First, thanks for your help
It comes from the book, Hearts In Atlantis, written by Stephen King, and
the paragraph having it is like this:
Bobby wasn't exactly sure what his mom did during her days at the office, but he bet it beat making shoes or picking apples or lighting the Tip-Top Bakery ovens at four-thirty in the morning. Bobby bet it beat those jobs all to heck and gone.
I don't believe it is a set expression, but a comic expression --and predates the author Stephen King by many decades --but seeing it always makes me laugh, which I think is the intention.
Yes, "heck" is used, or was used, as a euphemism for Hell, and decades ago very religious people thought the word Hell should only be used in its biblical/religious meaning, and that is was blasphemous to use it as a common way of swearing about other things, or use it in any other way.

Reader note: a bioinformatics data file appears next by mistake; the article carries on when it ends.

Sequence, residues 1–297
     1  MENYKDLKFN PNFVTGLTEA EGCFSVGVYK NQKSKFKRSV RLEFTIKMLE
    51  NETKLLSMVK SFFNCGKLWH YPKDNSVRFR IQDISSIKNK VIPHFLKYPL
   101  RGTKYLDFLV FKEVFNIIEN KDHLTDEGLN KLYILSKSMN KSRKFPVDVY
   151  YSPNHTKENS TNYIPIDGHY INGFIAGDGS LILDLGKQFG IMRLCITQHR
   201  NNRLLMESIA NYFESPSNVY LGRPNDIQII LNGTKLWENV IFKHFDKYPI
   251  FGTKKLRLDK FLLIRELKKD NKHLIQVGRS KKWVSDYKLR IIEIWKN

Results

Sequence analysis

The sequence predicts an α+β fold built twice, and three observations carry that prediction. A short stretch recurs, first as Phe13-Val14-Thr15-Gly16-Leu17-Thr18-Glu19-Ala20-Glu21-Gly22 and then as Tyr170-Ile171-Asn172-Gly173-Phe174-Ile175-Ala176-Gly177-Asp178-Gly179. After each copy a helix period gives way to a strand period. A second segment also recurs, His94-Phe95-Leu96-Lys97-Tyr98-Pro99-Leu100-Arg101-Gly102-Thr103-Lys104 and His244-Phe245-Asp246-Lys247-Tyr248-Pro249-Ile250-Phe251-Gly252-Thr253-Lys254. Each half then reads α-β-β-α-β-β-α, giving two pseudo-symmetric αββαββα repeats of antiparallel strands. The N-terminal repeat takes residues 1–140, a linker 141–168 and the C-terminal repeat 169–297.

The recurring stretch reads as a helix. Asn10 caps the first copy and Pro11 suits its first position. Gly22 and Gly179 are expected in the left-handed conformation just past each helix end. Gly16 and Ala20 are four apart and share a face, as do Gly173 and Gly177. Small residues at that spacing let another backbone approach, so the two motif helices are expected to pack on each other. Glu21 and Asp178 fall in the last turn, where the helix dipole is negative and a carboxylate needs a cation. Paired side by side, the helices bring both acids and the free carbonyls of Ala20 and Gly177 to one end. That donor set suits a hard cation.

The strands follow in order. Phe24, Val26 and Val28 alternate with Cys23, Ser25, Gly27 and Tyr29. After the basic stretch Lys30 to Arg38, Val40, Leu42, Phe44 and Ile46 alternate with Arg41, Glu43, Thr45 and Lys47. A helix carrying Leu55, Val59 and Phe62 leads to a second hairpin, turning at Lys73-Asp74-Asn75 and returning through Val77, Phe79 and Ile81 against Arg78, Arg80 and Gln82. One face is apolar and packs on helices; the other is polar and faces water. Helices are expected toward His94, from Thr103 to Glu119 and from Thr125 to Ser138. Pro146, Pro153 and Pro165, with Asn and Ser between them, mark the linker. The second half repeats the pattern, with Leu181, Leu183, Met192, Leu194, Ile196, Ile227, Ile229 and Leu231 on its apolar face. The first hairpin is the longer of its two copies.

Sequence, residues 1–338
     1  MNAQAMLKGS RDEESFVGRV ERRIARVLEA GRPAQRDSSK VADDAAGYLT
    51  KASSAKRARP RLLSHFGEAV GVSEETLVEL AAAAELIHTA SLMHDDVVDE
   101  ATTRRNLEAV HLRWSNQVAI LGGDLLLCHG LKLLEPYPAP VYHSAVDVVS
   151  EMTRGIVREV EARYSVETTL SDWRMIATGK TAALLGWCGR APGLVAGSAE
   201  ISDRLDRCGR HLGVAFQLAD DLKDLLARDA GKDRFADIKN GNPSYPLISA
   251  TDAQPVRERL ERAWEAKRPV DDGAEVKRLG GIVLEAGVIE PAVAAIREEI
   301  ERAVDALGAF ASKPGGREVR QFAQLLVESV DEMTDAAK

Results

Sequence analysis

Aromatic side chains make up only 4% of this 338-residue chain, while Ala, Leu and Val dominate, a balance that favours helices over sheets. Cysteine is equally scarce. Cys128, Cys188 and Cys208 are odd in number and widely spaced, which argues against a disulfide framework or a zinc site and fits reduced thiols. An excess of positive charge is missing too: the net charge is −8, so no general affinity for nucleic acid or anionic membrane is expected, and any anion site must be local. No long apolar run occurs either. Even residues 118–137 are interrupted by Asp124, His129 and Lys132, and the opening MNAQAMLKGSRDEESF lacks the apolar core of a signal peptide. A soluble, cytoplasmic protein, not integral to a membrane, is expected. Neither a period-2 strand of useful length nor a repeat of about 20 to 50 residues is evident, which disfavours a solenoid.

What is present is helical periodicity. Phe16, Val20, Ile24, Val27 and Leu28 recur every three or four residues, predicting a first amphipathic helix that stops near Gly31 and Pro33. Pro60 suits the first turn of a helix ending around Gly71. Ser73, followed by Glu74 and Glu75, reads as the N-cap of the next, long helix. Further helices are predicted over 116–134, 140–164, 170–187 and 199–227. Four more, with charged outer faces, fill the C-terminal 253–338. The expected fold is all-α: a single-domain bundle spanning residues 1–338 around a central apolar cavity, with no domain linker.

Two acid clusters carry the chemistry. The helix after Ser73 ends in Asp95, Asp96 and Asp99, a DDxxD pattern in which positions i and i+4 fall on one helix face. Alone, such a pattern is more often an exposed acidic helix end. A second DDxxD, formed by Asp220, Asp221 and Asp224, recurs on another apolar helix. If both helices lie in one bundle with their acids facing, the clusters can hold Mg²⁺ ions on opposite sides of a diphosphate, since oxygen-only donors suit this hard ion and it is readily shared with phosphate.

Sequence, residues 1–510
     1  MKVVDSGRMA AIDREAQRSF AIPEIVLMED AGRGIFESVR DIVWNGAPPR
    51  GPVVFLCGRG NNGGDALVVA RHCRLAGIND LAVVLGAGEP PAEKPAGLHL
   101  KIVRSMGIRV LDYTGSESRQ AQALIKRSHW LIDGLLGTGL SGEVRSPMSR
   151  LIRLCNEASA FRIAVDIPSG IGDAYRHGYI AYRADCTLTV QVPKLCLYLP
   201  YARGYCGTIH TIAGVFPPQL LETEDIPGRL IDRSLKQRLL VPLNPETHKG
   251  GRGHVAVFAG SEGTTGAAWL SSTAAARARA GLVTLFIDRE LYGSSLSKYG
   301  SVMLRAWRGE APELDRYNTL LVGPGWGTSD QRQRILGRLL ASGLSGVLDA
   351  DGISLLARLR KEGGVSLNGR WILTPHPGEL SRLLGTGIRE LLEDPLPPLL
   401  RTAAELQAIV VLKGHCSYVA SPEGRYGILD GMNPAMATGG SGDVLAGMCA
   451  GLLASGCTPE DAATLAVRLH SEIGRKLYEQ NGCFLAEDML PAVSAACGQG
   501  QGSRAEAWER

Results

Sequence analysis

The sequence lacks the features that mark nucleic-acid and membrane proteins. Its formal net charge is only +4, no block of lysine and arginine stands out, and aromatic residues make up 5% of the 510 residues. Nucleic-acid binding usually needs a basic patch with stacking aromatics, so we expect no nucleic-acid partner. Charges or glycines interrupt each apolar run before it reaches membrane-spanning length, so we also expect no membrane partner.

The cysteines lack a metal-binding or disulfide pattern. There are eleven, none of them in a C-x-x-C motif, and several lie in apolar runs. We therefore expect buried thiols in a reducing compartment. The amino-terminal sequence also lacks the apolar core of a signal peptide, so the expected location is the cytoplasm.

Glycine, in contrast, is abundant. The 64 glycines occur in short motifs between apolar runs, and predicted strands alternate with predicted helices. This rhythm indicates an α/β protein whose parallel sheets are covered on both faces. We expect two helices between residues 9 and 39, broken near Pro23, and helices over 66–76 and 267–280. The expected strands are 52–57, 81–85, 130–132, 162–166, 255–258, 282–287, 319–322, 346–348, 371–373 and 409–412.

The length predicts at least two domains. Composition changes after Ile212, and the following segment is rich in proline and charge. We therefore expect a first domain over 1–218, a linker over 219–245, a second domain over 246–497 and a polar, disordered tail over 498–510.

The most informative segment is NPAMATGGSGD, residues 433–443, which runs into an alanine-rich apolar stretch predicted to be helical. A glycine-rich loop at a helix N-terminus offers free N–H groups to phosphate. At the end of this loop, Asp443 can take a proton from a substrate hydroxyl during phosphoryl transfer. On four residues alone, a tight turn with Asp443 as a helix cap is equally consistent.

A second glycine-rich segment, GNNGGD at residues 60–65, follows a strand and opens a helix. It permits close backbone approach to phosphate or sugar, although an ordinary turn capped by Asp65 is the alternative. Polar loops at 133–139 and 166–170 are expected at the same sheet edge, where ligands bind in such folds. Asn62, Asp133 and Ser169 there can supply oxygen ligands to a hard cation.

Even so, it was always acceptable in writing or speech to say "War is Hell" or "Prison is Hell" since these are nightmarish tortuous environments.
To suddenly reverse the usage and substitute "heck" --which has got the power of watered-down lemonade or the weakest tea served by your unmarried proper aunt--is mocking the euphemism itself.
to Hell and gone would mean someone has been banished forever by into the land of eternal torture and fire.
to heck and gone would mean they have been banished forever into the land of lemonade, or something equally bland and mild, so you are laughing at the very meaning of "heck" which is NOT called for here.
Heck is a euphemism for hell. To hell and gone means "to a very great degree or distance" (gone meaning beyond, here). Of course, beat is in the sense of to out-perform; be better than. The job his mom did was incomparably better than his job.